I am very excited about IMAP support on Gmail. Maybe it isn’t healthy for someone to be so excited about e-mail … but this is huge.
Why? Especially when I already have a reliable IMAP service I’ve been happy with for years?
Well, first of all, lets talk about why IMAP is different from POP. Most people still use POP to access their email offline and don’t know what they’re missing. If you only use one computer, or don’t care about organizing your e-mail, this may be OK. But while POP lets you choose to leave your message on the server after you download it to your computer, you can’t put a message in a folder and have the same message also be put in the same folder on the server. IMAP lets you do that. With IMAP, if you have a folder for “family” and move a message from your brother into that folder, it will be in that folder on every computer you use. Its that simple.
How is Gmail different?
For one thing, Gmail uses “labels” not folders. I was wondering how they would handle that on IMAP, since on GMAIL the same message can be assigned multiple labels, but traditional IMAP only allows one message to be in one folder at a time. Fortunately, Google thought of that. When you access Gmail with IMAP, the same message will appear in a separate folder for each label. And you can assign multiple labels to a message by copying it (rather than moving it) to multiple folders.
Another advantage of Gmail is that it preserves entire conversations, not just individual messages. That means that if we send messages back and forth to each other 10 times about the same topic, all of our e-mails will be stored together. Most e-mail systems store my messages in a separate “sent messages” folder, so if I want to look back at what you are replying to I need to open that folder and do a search for my original message.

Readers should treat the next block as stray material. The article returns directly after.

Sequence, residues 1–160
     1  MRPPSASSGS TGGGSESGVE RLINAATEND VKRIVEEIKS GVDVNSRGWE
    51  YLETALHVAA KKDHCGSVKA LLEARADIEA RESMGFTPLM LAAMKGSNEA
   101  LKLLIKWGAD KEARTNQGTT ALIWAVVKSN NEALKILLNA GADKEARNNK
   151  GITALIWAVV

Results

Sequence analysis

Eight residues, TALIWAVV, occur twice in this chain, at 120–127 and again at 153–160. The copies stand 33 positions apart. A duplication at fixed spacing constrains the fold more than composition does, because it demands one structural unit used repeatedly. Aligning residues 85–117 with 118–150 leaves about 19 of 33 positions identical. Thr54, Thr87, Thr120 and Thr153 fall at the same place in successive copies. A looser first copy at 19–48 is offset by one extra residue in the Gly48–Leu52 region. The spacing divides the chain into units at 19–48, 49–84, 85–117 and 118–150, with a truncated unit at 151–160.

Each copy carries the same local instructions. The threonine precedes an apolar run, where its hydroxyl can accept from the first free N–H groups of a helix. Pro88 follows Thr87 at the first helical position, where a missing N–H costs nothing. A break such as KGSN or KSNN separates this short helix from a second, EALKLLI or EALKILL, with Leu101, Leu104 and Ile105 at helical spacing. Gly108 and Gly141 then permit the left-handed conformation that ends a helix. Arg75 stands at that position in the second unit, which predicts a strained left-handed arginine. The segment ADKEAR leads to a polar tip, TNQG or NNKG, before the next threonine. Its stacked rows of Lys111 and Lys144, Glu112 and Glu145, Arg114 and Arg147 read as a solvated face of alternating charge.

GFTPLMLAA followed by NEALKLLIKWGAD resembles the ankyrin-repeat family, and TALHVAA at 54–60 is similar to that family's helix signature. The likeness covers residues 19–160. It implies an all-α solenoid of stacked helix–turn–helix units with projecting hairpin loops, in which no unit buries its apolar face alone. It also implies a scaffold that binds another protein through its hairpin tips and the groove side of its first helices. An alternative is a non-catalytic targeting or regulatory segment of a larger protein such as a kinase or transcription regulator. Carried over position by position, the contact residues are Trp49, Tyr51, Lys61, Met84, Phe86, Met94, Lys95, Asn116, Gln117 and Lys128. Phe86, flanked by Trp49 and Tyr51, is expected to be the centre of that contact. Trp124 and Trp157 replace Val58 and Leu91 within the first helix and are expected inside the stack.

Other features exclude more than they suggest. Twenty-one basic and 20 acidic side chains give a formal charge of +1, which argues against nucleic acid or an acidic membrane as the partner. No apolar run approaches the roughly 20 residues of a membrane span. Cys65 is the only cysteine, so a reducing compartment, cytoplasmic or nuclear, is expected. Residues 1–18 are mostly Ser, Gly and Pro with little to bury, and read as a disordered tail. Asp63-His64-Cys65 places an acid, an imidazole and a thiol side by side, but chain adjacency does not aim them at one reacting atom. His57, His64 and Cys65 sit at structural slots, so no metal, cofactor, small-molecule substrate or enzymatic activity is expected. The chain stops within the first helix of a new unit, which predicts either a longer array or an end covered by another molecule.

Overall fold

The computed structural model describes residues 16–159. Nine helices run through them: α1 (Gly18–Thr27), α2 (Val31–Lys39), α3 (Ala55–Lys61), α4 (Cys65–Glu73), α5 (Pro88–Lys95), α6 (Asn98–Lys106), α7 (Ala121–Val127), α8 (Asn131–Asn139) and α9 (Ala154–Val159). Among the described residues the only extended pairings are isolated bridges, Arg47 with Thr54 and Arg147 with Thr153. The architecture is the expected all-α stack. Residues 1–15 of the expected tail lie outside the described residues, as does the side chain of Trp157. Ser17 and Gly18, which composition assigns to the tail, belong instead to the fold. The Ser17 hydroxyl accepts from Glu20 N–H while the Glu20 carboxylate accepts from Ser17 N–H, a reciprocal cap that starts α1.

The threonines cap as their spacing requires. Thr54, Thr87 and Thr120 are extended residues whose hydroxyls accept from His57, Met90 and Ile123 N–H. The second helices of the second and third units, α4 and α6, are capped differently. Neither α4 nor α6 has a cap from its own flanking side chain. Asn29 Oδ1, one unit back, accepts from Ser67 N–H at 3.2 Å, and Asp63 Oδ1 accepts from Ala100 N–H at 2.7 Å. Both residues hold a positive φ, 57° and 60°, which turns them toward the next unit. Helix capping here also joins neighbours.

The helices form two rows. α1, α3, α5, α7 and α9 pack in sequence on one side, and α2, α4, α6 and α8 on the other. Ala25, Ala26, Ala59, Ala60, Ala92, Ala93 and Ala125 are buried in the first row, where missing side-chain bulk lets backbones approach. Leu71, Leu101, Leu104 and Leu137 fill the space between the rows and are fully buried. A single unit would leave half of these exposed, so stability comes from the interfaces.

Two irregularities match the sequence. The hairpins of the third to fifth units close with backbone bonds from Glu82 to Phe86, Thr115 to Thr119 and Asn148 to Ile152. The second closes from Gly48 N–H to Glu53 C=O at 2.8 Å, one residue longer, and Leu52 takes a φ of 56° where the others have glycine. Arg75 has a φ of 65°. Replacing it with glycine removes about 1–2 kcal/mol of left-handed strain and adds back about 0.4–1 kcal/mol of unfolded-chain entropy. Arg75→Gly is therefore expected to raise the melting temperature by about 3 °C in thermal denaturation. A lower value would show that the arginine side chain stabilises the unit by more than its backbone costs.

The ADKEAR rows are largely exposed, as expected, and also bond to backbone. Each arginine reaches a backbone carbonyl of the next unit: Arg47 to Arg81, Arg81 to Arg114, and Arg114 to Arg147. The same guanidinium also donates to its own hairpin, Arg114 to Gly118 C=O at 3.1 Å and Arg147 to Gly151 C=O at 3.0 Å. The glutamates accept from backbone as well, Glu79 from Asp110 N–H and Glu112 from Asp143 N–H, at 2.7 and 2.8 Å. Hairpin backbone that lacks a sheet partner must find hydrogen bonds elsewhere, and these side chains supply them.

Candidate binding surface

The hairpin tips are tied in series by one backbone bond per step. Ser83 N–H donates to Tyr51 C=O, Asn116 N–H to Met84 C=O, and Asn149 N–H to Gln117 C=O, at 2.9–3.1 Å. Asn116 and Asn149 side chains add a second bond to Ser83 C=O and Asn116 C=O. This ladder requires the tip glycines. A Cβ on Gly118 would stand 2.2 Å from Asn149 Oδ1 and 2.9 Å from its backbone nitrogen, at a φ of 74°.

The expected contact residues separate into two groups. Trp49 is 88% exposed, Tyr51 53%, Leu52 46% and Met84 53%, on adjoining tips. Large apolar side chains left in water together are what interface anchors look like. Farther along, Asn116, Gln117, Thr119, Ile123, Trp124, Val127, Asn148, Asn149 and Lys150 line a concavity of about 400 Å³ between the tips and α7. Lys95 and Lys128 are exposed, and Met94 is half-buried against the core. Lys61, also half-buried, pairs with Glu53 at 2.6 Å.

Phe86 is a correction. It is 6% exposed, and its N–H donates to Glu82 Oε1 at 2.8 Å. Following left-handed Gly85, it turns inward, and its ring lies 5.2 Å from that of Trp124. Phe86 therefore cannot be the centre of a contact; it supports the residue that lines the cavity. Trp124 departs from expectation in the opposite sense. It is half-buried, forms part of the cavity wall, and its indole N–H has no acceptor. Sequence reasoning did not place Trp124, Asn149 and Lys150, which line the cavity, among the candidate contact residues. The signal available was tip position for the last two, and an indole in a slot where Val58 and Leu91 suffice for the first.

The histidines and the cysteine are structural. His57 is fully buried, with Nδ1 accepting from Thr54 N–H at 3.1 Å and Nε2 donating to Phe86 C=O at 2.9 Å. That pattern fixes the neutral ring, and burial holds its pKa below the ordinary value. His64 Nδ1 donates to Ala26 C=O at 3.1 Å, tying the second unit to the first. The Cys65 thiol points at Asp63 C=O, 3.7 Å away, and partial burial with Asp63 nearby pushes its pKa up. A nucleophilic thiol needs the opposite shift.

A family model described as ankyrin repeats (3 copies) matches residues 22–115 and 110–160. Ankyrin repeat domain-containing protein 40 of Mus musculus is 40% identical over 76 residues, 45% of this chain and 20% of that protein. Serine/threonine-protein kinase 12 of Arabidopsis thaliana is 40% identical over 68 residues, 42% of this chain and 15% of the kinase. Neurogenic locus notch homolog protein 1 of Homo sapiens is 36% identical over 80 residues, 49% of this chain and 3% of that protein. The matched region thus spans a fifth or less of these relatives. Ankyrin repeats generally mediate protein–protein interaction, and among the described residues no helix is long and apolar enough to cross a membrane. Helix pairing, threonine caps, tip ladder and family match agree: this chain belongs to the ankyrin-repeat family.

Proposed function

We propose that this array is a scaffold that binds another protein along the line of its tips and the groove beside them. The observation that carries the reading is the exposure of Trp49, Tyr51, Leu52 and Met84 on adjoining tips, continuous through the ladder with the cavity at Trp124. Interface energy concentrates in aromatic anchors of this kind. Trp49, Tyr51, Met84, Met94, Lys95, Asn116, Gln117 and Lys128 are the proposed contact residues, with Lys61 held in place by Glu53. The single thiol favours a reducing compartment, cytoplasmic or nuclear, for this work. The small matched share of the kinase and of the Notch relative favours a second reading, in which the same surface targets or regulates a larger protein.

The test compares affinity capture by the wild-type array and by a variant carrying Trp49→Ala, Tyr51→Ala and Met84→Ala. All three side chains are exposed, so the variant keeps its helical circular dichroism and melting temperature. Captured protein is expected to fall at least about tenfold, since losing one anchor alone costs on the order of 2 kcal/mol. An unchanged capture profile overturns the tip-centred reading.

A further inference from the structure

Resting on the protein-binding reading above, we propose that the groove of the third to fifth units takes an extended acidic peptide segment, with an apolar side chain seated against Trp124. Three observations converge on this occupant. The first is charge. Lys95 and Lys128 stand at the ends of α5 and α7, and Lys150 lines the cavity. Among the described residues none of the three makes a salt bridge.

Another advantage of Gmail is its SPAM filtering. I get almost no SPAM on my Gmail account, which I use for all my bulk e-mail lists. Thousands of messages come in every week, but no SPAM. Simply amazing. With my current IMAP account I need to pay extra for advanced SPAM filtering, or I need to use software on my Mac. (Apple’s Mail software does a pretty good job of filtering SPAM after you train it for a few months.)
The other two advantages of Gmail are the fact that they have a fantastic web interface, with lightning quick searches (using a powerful search syntax), and that it is free. Not just free, but now 4GB of storage for free. My current IMAP provider never upgrades storage retroactively for existing users, I have to constantly check if he offers more storage for new users and ask to be given a new contract.
One last cool feature of Gmail is the ability to create “+” addresses. If your account is “[email protected]” you can add anything you want to the address, in order to make filtering that much easier. For instance, “[email protected]” could help you filter all your bank e-mail. Unfortunately, a lot of websites still don’t let you use the “+” sign in your e-mail address, but hopefully that will change.
The downside of Gmail is that if something goes wrong there is nobody I can turn to. My current IMAP is rock solid reliable. If I have any question support gets back to me almost instantly. But good support may not be enough to keep me away from the lure of Gmail.